Written by Nelson Cumming
I know people will groan when they hear the words “holocaust film”. To be fair, I sigh when I see movies who use the holocaust card for characters purely for sympathetic gain. Not Son of Saul. Son of Saul is not melodramatic nor is it evil. It is a unique piece of filmmaking that is not easy to sit through but watching it to the end is worth the reward.
With holocaust movies like Shoah and Schindler’s List, I sometimes ask “Is there any other story that could possibly be told about the Holocaust?” Son of Saul fills that void by going in a vastly different direction. Son of Saul relies on what we imagine not what we see.
Saul Alexander is a different character from most Jewish characters in Holocaust films. He is a member of the Sonderkommando, a Jewish worker who is forced to aid the disposal of gas chamber victims. The Nazi’s don’t want him dead, but they don’t want him at all.
I want to go into further detail but recounting the premise is technically a spoiler but also because it’s best you don’t know. There is a scene late in the film that reveals the story and explains why Saul does what he does. Up until that point, you are left wondering what Saul’s motivations are, but the scene is pivotal to the story.
The whole movie is showing from a mid-closeup view of the main character Saul Alexander. Everything else in the background is deliberately faded and fuzzy. Son of Saul relies on us, the viewer to imagine what is going on based on background sounds and Saul’s reactions to moments in the concentration camp.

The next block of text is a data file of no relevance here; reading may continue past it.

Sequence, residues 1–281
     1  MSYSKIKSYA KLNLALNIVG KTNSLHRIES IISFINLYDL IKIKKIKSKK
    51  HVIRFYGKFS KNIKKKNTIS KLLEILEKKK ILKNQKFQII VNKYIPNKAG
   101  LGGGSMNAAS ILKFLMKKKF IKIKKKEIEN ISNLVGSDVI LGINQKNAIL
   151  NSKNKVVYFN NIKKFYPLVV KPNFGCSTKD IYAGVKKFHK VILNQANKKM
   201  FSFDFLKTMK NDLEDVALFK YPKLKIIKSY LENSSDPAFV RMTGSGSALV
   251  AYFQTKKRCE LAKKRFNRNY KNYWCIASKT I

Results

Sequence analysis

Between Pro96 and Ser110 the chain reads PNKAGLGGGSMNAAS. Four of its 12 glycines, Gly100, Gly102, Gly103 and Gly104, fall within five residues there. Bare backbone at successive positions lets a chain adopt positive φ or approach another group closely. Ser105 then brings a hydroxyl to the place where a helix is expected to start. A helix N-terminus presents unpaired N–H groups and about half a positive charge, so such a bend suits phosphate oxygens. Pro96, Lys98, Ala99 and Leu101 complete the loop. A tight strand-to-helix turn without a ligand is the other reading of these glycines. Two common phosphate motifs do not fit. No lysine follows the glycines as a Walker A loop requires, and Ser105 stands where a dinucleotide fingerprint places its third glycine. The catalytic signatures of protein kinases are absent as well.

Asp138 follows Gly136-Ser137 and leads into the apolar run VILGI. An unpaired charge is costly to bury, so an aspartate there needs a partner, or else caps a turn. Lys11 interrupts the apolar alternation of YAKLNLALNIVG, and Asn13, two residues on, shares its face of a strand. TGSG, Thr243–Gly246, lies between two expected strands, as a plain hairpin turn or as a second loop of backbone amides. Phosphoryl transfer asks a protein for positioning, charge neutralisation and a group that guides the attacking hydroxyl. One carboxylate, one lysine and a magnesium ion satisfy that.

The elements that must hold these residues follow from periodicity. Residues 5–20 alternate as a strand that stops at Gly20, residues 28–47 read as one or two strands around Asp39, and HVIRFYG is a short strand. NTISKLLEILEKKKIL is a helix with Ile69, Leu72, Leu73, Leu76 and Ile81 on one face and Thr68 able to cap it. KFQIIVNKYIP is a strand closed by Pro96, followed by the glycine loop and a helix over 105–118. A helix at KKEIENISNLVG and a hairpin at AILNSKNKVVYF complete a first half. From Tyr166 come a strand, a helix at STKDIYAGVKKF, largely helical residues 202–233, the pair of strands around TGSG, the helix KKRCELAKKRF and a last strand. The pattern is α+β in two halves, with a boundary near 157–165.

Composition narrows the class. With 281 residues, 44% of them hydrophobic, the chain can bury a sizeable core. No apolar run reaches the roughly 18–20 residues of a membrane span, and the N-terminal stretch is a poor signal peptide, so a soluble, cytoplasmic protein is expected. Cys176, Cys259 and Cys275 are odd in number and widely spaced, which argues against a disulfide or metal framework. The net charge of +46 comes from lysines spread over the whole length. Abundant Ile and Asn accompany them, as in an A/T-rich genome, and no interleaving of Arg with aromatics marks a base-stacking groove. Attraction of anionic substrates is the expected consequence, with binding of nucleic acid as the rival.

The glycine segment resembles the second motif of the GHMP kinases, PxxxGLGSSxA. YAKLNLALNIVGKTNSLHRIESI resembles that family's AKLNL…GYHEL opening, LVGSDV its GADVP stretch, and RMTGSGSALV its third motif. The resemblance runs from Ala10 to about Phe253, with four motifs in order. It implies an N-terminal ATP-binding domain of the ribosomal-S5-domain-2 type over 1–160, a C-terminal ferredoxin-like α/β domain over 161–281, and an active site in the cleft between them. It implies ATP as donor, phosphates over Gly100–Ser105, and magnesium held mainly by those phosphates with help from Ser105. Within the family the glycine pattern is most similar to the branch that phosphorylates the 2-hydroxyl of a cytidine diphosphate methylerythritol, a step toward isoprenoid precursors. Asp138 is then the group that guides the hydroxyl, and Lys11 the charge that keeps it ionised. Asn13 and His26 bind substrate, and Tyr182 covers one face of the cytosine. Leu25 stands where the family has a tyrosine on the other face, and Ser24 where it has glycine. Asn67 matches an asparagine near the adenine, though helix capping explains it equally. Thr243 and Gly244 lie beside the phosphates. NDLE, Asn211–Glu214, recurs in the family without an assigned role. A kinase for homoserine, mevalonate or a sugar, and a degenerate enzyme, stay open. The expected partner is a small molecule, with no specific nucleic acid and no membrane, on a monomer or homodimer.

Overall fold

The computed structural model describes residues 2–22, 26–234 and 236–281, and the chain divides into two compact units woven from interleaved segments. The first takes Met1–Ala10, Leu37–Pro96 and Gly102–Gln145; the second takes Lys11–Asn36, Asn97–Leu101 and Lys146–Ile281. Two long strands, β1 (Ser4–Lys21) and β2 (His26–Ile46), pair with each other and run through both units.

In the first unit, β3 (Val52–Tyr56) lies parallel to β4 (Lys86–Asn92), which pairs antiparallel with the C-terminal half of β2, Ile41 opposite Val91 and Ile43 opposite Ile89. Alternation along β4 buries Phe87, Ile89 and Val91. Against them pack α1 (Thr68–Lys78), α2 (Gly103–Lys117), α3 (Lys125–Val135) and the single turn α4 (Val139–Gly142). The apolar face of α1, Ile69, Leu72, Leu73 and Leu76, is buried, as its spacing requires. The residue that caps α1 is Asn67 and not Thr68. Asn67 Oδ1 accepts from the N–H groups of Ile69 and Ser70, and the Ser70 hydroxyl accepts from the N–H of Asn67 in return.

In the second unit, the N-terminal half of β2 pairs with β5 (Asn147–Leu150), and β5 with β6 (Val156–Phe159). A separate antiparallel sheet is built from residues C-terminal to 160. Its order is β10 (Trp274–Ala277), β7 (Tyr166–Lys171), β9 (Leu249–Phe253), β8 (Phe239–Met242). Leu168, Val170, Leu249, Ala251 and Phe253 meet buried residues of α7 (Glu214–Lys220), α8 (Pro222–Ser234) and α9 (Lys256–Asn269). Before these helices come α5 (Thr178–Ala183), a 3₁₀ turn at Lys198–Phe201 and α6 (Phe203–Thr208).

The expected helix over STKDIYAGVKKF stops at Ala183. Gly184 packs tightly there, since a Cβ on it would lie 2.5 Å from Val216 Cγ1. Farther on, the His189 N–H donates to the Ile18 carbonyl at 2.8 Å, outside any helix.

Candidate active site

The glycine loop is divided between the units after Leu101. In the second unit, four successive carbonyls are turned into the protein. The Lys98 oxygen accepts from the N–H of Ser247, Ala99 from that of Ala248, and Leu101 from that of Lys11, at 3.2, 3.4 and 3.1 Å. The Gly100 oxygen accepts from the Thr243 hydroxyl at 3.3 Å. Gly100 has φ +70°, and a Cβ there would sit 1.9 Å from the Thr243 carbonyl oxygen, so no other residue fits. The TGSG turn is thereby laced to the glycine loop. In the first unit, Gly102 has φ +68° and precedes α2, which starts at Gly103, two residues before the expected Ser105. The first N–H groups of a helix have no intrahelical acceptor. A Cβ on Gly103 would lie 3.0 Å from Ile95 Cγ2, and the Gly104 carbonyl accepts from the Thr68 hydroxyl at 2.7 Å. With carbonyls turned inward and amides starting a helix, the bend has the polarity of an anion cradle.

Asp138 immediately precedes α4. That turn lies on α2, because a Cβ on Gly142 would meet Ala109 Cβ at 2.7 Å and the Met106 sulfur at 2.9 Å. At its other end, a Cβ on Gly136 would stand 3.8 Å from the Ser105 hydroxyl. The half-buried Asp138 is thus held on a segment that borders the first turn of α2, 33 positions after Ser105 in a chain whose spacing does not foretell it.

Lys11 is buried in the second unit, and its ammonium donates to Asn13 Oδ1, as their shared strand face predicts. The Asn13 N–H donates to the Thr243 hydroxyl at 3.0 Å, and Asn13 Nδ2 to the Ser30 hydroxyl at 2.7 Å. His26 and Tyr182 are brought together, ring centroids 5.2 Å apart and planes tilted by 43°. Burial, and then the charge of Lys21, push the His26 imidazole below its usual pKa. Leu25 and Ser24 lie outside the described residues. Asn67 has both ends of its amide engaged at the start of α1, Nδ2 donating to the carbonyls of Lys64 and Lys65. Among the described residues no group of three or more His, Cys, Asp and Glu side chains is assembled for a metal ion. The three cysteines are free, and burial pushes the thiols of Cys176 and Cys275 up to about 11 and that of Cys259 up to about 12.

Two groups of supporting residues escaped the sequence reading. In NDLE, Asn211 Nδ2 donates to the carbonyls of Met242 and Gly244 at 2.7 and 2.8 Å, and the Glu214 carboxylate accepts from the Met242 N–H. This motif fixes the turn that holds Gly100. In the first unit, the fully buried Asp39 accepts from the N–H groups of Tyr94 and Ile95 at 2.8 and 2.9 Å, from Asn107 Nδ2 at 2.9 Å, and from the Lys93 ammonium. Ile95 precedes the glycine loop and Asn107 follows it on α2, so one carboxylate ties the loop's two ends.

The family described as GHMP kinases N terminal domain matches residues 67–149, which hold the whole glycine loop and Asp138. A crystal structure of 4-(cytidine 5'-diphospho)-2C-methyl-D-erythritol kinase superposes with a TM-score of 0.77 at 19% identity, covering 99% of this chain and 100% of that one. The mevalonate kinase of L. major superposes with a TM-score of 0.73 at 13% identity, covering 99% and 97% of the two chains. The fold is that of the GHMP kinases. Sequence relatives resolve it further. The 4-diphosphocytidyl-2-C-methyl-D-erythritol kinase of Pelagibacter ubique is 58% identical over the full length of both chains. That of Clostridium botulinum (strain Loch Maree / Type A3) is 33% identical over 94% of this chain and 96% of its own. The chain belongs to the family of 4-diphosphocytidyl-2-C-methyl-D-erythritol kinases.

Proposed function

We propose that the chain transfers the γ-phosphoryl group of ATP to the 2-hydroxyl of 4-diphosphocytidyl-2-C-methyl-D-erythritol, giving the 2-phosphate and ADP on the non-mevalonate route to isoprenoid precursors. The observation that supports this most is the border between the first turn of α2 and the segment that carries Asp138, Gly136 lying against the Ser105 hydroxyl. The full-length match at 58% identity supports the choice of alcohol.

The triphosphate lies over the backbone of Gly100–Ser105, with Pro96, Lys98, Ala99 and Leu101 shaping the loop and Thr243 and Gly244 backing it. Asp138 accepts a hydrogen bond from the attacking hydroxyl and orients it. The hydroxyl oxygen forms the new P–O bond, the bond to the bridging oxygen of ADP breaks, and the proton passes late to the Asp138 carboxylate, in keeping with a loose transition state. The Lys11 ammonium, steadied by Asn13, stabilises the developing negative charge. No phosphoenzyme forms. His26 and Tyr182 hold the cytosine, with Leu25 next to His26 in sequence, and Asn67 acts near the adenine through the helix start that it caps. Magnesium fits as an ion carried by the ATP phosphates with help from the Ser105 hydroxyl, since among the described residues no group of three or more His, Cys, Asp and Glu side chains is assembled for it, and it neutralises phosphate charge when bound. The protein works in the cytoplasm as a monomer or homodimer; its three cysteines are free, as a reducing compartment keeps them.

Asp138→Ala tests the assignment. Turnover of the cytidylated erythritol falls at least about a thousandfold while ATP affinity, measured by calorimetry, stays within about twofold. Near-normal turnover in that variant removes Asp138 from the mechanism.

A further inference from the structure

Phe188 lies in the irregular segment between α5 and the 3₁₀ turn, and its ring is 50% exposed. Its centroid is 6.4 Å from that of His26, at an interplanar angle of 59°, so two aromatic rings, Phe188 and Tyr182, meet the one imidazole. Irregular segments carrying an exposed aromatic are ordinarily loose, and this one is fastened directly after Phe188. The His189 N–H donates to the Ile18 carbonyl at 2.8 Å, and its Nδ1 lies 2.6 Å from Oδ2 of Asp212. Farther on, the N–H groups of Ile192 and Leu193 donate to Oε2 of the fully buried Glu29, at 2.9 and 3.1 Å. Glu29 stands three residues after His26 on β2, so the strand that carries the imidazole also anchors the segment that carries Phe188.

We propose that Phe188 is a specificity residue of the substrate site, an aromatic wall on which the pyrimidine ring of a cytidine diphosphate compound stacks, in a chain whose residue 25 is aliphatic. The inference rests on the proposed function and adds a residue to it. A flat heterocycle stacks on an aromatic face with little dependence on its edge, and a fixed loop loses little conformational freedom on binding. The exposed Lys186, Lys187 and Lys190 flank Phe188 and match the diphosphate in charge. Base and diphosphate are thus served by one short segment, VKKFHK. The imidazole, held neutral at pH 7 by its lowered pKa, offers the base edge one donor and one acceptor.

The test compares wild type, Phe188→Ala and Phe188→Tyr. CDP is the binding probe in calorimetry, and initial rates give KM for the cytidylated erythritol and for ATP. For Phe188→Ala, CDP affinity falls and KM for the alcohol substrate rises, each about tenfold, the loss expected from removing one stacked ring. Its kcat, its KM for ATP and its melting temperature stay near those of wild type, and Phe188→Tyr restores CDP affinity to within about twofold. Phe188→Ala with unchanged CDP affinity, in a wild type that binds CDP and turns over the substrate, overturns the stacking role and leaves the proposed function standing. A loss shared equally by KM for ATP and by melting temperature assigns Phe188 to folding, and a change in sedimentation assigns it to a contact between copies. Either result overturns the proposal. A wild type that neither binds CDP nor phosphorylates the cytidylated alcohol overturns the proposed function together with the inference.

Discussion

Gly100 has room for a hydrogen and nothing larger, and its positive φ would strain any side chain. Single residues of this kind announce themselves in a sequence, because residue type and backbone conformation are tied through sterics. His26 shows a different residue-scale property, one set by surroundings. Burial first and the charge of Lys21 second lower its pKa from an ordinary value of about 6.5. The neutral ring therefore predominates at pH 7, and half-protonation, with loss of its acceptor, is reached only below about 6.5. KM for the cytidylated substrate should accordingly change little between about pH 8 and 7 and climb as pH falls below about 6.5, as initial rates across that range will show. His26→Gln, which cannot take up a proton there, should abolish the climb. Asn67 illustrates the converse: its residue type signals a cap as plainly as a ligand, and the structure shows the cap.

This is when Son of Saul encourages us to paint the picture for ourselves. The whole movie is shot on a narrow frame with extreme close-ups of Saul the main character. Yes, the film delves into the inner workings of the concentration camp but because all the footage in the background is fuzzy and some important moments are offscreen, you can’t help but paint a picture of what happens. In all sincerity, it is like making your own movie.
Saul is not a man of heroism, nor is he a man of cowardice, he is a man of stoicism. His character does not tell us to feel sorry for the suffering, nor does he rile you up in his courage, he tells us what it is and to move along all the noise, all the panic, and all the hardship. Son of Saul tells us to go beyond holding to despair and sorrow. It tells us to leave with acceptance and that acceptance is not a sign of nihilism or flippancy but an act of humility.
As I have said, Son of Saul is not an easy watch, it does not leave you with an uplifting feeling, nor is it awe inspiring, it leaves you feeling that makes you better that you have watched it. It is unique both cinematically and thematically while telling a great, harrowing and poignant story. ****3/4